Stop Your Dog’s Destructive Chewing Habit

Although chewing is very natural behavior for dogs and puppies, as it keeps teeth and jaws strong and combats boredom, it can be a problem if your dog destructively chews on the wrong thing frequently. Combat your dog’s chewing habits with these tips from your Dunedin vet.

Why Is Your Dog Chewing?

Before you set about correcting the chewing problem, you should figure out what’s causing it. Chewing can occur for a variety of reasons. For puppies, the discomfort of their teeth coming in motivates them to chew, and the behavior should largely diminish after about six months of age. Other dogs suffer from separation anxiety and are chewing out of stress—in cases like these, you’ll need professional help. Still other dogs might chew on things if they’re not getting proper nutrition, in a futile attempt to glean nutrients from any object around them. Visit your vet to make sure your dog’s chewing isn’t caused by a medical or anxiety-related problem.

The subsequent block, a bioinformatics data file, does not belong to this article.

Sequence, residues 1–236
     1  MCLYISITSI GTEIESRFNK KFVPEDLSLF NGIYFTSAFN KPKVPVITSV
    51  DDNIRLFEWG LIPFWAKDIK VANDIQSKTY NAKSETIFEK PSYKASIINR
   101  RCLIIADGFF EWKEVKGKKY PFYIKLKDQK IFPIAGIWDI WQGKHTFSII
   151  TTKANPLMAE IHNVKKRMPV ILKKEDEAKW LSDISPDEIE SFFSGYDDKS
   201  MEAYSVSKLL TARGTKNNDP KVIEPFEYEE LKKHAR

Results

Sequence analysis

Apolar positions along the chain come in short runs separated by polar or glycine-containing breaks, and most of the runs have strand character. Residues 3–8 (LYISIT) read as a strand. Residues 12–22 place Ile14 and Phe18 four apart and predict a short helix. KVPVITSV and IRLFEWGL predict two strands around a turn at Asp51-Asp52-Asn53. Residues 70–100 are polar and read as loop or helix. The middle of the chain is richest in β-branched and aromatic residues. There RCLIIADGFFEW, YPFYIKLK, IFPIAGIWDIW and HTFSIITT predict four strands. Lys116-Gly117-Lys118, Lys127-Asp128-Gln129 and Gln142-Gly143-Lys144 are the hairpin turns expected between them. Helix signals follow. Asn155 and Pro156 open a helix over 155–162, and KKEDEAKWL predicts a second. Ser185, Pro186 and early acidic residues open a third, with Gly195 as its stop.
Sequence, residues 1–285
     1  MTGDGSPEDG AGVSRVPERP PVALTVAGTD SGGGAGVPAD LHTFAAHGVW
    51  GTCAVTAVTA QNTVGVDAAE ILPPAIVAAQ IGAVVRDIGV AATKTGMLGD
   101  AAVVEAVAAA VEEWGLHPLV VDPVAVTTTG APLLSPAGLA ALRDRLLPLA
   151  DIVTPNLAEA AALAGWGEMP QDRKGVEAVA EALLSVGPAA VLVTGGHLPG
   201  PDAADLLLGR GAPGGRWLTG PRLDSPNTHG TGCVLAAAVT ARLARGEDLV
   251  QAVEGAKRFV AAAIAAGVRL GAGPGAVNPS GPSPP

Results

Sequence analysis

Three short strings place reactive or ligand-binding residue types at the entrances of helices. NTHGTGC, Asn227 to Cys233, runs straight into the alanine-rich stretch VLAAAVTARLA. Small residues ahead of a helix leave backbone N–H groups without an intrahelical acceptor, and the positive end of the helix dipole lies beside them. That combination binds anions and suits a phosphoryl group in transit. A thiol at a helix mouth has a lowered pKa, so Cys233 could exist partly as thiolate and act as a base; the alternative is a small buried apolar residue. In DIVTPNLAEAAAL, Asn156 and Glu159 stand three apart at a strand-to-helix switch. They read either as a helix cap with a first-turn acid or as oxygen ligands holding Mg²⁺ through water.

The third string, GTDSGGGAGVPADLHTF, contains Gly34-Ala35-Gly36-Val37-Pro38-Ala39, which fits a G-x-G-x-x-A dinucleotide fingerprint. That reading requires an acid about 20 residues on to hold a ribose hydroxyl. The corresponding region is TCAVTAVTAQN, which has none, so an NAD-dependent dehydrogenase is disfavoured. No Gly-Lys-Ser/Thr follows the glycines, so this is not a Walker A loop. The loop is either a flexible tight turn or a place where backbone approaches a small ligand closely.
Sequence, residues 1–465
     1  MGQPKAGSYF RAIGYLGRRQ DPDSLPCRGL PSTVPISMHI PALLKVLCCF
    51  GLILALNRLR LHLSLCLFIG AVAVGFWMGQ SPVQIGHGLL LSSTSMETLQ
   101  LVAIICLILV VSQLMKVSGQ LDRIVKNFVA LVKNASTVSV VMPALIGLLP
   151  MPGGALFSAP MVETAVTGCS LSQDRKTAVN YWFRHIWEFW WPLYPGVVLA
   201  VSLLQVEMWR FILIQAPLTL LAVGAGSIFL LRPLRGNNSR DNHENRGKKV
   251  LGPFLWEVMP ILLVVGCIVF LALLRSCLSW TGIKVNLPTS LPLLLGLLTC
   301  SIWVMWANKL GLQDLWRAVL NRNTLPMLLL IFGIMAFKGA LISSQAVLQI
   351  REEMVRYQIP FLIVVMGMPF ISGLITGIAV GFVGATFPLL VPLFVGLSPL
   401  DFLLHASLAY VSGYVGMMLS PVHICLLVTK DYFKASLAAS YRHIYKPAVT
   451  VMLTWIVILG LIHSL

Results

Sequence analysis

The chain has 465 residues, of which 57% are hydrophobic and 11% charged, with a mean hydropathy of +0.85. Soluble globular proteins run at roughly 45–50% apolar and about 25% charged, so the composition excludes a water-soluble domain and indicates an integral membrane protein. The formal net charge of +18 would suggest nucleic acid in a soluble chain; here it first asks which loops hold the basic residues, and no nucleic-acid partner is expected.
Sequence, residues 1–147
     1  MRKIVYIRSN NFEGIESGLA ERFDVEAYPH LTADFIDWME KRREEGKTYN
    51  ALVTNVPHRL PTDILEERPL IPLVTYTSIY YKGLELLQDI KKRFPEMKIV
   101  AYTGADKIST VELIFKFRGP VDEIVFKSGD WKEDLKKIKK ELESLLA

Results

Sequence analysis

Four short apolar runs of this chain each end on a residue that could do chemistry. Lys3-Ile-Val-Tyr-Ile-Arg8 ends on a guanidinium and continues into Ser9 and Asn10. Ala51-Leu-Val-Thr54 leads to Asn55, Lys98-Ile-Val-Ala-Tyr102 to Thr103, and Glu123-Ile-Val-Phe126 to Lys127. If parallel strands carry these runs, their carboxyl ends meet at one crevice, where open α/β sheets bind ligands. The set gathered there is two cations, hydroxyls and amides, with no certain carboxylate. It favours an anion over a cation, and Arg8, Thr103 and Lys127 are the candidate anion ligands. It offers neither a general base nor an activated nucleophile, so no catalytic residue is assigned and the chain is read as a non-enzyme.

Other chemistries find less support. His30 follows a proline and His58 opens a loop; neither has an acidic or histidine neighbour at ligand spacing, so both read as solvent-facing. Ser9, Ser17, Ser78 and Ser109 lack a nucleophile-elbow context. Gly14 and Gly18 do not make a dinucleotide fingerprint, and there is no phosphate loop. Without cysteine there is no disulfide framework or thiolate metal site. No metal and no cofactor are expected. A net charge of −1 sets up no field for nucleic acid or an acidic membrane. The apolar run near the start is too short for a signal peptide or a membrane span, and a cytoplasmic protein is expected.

Give Your Dog Appropriate Chewing Items

Some dogs chew on furniture or shoes because they don’t have anything better to chew on. Make sure your dog has chew toys, chewing bones, or edible chewing items. Puzzle toys with food hidden inside of them can work well too. With any luck, your dog will prefer these items to the chair leg.

Dog-Proof Your Home

Put away valuable objects, keep your shoes and clothes in a closet or dresser, put your purse up on a table, and keep items off the floor. Do so until your dog’s chewing behavior is resolved. It will be harder for your dog to successfully defeat the behavior if there’s a dozen opportunities lying around every day.

Use Deterrents

Using spray deterrents on items you don’t want chewed can work well. It’s important to use these in combination with proper training, though—this way, your dog is trained what not to chew using the deterrent, and also trained what he can chew.

Train Your Dog Not to Chew

When you see your dog chewing something he shouldn’t, scold him gently, then offer something he can chew, like a toy, and praise him greatly. You can also offer treats to help him associate chewing on the toy with good things. Ask your Dunedin veterinarian for more in-depth training options, and call an animal behaviorist or trainer if you need help.


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